Century Dictionary and Cyclopedia
- n. The act of one who winks: often used in the colloquial phrase like winking—that is, very rapidly; very quickly; with great vigor.
- v. present participle of wink.
- adj. closing the eyes intermittently and rapidly
- n. a reflex that closes and opens the eyes rapidly
“Her poems are full of quaint things, of such things as the eyes in the peacock fans of the Vatican, which she describes as winking at the”
“Well, just send a you tube of yourself answering questions and just maybe they will edit in, A la Breitbart, Sarah Palin winking at you and asking questions.”
“Psycho has a picture of Sarah Palin winking at Jesus.”
“I began to think of the rise and fall of their blinds and mine as a kind of Morse code, sent back and forth across the street in winking increments that said the same thing over and over.”
“Above the desk was a shelf packed with books on script writing; next to that stood a metal cabinet filled with television screenplays filed meticulously, the labels winking hopefully: sci-fi, crime, supernatural, comedy — all unproduced.”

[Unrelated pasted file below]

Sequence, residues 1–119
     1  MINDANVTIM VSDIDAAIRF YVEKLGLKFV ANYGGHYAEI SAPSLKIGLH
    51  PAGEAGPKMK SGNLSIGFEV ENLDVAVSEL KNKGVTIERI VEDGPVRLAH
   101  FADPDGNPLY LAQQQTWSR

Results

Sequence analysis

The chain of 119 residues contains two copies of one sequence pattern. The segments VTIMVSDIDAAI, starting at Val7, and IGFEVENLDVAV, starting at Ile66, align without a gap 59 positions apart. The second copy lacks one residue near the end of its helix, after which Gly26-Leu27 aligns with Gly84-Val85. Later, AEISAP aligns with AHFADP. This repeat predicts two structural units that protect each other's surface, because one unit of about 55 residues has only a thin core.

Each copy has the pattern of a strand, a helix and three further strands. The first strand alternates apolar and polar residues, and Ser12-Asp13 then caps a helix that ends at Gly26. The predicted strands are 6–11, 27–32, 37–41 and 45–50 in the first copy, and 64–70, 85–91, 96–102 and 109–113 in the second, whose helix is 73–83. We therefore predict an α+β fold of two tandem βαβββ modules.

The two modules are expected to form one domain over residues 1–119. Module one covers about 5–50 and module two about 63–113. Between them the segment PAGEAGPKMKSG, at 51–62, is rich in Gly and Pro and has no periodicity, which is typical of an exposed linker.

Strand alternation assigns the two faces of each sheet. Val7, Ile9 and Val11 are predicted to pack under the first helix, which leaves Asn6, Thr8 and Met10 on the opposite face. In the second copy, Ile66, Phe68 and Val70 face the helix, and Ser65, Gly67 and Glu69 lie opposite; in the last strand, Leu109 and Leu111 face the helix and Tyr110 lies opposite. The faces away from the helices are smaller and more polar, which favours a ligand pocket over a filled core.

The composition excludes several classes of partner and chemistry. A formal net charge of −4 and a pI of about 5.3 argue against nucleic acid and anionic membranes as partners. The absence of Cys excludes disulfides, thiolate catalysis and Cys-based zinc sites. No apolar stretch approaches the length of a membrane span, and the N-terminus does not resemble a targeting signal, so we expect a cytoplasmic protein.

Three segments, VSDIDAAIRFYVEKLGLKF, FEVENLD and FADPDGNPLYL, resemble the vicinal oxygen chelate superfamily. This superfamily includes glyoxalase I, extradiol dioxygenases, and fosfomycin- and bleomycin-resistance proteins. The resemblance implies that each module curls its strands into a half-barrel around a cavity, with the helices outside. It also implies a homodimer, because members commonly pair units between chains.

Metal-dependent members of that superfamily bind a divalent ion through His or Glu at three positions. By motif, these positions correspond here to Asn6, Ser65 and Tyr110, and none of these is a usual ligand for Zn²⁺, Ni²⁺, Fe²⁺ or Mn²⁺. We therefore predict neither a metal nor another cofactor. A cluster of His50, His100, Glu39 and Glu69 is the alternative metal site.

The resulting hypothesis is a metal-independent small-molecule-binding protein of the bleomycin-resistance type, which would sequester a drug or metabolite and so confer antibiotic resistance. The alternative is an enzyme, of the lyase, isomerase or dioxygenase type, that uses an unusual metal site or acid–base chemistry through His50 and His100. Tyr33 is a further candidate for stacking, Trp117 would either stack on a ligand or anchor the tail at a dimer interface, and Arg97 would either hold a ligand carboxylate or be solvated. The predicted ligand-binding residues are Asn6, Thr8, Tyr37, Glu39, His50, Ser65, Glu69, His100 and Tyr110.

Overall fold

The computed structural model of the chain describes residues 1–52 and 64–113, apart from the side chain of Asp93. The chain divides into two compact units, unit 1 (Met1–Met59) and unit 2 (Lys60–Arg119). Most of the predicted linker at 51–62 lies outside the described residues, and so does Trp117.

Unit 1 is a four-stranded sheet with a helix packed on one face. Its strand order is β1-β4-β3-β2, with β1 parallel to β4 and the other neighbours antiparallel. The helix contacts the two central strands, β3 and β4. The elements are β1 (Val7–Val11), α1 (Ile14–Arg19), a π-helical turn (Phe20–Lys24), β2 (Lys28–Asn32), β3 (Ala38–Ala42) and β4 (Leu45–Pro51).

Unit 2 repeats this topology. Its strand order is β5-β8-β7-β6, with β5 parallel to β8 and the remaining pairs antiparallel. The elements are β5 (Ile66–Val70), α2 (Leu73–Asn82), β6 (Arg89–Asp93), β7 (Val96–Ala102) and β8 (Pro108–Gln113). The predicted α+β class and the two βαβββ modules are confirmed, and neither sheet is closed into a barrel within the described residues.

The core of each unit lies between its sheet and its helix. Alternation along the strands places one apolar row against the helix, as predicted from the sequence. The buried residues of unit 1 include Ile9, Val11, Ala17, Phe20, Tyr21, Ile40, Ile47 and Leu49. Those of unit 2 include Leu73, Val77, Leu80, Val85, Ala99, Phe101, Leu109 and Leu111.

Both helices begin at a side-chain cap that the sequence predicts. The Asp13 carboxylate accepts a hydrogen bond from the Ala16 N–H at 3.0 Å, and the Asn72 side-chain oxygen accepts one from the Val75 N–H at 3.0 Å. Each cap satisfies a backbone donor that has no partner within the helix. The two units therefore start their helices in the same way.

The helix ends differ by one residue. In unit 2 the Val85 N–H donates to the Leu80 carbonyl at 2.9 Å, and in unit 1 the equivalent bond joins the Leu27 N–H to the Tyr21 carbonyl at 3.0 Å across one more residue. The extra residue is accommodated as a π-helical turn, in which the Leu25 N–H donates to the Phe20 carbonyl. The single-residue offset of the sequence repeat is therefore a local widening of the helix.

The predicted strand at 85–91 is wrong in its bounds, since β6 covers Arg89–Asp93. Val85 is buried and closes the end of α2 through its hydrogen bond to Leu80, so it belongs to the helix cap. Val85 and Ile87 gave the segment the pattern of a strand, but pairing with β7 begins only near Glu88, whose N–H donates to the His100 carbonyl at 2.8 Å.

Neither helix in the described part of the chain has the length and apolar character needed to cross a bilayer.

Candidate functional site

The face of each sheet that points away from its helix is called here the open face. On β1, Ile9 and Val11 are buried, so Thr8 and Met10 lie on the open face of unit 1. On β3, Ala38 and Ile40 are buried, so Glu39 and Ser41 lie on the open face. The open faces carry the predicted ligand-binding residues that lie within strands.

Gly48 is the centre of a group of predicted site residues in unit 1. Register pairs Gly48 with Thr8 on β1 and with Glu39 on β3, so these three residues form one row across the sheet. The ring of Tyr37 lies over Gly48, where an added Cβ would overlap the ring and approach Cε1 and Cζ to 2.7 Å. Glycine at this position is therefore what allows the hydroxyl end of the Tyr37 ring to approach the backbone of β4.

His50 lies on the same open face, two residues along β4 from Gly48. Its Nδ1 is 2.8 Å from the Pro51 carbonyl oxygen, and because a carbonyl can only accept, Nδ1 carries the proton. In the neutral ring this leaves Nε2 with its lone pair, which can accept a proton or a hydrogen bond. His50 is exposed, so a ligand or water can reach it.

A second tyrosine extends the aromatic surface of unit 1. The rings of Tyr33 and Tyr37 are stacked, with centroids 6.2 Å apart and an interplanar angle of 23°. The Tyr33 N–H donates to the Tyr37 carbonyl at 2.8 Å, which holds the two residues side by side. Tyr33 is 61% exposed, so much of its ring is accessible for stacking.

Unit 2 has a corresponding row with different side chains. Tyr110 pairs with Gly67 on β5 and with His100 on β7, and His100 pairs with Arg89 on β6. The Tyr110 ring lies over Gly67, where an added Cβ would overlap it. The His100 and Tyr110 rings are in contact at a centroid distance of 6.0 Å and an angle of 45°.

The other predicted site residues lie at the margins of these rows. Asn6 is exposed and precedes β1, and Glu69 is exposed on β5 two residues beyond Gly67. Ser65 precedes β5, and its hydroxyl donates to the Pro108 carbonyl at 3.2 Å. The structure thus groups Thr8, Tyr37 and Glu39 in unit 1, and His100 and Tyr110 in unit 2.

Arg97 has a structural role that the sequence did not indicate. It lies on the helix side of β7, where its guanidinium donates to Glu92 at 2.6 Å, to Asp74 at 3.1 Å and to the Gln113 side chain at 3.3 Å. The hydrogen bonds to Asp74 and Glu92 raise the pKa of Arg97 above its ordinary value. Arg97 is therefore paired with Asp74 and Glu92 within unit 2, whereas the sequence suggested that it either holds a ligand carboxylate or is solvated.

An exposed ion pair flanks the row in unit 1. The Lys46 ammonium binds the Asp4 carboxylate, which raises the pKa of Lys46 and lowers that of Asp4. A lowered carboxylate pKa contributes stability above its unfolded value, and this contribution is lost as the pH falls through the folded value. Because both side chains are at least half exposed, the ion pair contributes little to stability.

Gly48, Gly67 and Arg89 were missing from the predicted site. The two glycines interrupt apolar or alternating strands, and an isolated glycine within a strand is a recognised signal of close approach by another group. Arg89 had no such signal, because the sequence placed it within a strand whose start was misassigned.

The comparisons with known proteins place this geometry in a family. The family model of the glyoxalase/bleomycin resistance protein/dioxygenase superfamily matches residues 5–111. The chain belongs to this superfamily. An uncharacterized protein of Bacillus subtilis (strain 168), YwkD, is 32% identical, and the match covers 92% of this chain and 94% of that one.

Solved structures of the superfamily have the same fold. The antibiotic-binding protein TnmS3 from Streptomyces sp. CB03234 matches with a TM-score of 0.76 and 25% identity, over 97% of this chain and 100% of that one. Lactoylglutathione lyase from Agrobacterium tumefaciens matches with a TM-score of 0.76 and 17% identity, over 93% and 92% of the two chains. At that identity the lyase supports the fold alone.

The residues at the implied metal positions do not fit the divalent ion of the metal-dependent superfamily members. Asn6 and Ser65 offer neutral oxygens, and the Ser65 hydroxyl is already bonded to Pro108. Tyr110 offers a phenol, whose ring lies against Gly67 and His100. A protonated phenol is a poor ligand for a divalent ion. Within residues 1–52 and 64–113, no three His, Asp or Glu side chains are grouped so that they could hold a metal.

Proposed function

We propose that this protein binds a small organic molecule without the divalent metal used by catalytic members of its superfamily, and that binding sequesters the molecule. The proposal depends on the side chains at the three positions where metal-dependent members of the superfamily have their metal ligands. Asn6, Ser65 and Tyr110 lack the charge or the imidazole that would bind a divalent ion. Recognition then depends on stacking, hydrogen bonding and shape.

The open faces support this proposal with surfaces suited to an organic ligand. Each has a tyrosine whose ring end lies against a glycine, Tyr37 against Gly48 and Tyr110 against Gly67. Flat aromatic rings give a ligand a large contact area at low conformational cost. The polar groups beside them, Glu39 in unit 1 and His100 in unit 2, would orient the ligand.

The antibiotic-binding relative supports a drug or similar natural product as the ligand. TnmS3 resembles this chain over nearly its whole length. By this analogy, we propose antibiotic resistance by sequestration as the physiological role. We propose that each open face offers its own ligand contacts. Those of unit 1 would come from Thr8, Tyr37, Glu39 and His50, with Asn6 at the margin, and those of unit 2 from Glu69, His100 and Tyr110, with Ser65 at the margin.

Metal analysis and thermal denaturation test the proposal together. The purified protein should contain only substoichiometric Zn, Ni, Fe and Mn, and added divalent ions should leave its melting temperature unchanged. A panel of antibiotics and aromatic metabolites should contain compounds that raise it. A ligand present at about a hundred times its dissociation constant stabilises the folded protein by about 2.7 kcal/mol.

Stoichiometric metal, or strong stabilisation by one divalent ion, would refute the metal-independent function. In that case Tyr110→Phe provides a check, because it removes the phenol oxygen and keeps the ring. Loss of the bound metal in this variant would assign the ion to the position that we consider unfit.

“He might have been too negligent hitherto in winking at these evils in his servants; or, perhaps, it was not till his arrival in Canaan, that he had learnt, for the first time, that one nearer and dearer to him was secretly infected with the same corruption (Ge 31: 34).”
“After I wrote an overview of semicolon use, a friend pointed out that the mark is also commonly used in winking smileys:;).”
“You call winking during a Vice-Presidential debate personality?”
“Just about to fire, he catches the eye of the stag winking futility into his elaborate aim.”
“The tears are spread over this organ by the reflex movement of the eyelid, called winking, and then collected in the _puncta lachrymalia_ and discharged into the nasal passage.”
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